For a few months of the year, Joe Reynolds and Merle Mikkelson grace Lemon Tree RV Inn. The winter Texans and Iowa natives are two of the remaining 600,000 WWII veterans alive today.
Along with their wives, they consider the Rio Grande Valley as a second home and the community of the park to be “one big family.” On Wednesday, Feb. 7, they received quite a surprise from their Lemon Tree neighbors.
Reynolds, 95, and Mikkelson, 91, stepped into the recreational hall for ice cream and cake, only to realize the room wasn’t full for sweets.
Les Peugh, RV manager, and Gwen Baker, quilter, gathered nearly 175 of the residents to honor the vets with Quilts of Valor.
Quilts of Valor began in 2003 and the group now has chapters in all 50 states. The purpose, said Baker, is to honor our veterans a quilt that may take between 15 to 20 hours to complete. The end product is a warm, cotton quilt roughly between 4 by 5 feet and 6 by 7 feet.
Volunteers donate the materials and sew the patches of fabric together. There are currently 21 million helpers who have taken up the project.
The quilts are awarded to veterans per request and are done by the nearest chapter. Today, just the state of Texas is behind on nearly 300 quilts.
Due to Reynolds’ and Mikkelson’s distinctions, said Peugh, they were moved to the top of the list.
Both grew up in farms in Iowa — in opposite plains — and enlisted into the Navy shortly after completing high school.
Mikkelson, a second-generation vet whose dad fought during WWI, was active from 1944-46, followed by four years in the reserve, while Reynolds also served from 1944-46.
It was not until both wintered in Texas, however, that the two met.
Reynolds was deployed at the same time as four of his siblings. One of his more vivid memories was when his older brother got him out after three days and nights spent in the Bilibid Prison.
“I had a brother up on Luzon island,” he said. “And one day I said to the commanding officer, ‘I haven’t seen (my brother) in a long time,’ … he says ‘there’s a plane this afternoon,’ … so I flew up.”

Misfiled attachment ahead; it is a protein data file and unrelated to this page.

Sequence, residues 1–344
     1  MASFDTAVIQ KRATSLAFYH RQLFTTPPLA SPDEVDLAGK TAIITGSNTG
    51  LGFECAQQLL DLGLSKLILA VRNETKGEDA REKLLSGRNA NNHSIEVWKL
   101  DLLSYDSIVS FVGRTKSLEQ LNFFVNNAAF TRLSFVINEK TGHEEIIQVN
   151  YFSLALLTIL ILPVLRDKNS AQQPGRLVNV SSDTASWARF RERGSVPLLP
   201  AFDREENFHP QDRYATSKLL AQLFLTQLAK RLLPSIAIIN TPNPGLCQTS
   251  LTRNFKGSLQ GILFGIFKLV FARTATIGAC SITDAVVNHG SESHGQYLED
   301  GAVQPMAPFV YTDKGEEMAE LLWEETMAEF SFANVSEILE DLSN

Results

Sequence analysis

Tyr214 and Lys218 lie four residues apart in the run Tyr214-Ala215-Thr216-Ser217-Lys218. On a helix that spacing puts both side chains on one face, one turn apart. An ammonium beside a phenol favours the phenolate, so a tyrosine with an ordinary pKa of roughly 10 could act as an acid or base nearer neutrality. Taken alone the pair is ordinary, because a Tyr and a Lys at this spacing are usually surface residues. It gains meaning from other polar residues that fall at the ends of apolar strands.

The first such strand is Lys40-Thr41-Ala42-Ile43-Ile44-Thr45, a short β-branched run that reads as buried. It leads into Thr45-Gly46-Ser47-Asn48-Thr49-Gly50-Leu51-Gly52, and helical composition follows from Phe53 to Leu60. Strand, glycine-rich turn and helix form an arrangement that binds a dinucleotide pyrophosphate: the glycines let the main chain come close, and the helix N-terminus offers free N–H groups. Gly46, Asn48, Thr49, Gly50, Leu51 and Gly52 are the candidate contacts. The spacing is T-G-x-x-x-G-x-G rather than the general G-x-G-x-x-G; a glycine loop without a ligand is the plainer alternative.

He forgot his hat, which landed him in prison until his brother could take him one so he could return to his station.
“I didn’t get to ride the plane back,” he confessed. Rather he sailed back past thousands of islands.
What stuck out to Mikkelson was his return home when he beat the Western Union notification. After being discharged out of Illinois, he sent a telegram home telling his folks to meet him at the morning train.
“I jumped off the train and there was not a soul on the dock,” he said. “Not even a dog!”
He used a hotel payphone to dial home. It was not until after his father made the trip to pick him up when, seated for dinner with his family, the Western Union made their call.
“I beat Western Union home!” he exclaimed.
The two stay active by participating in daily activities at the park, which include pancake suppers, bingo, crafts and making visits to the library.
What keeps them returning year after year, said Mikkelson, is the “warm weather and all the restaurants.”
“All the nice people and pretty girls,” Reynolds added.
Reynolds and his wife Francelia are proud parents, grandparents and great grandparents to two daughters, three grandsons and three granddaughters, respectively. They got engaged before he headed overseas.
Mikkelson and his wife Bonnie have a combined six children, 10 grandchildren and 12 great grandchildren and have celebrated over 40 years of marriage.
According to Peugh, 53 veterans call the park their home.
The nearest Quilts of Valor organization to the Valley is based in San Antonio. Baker encourages anyone to reach out to her if interested in helping honor our veterans’ patriotism with a quilt.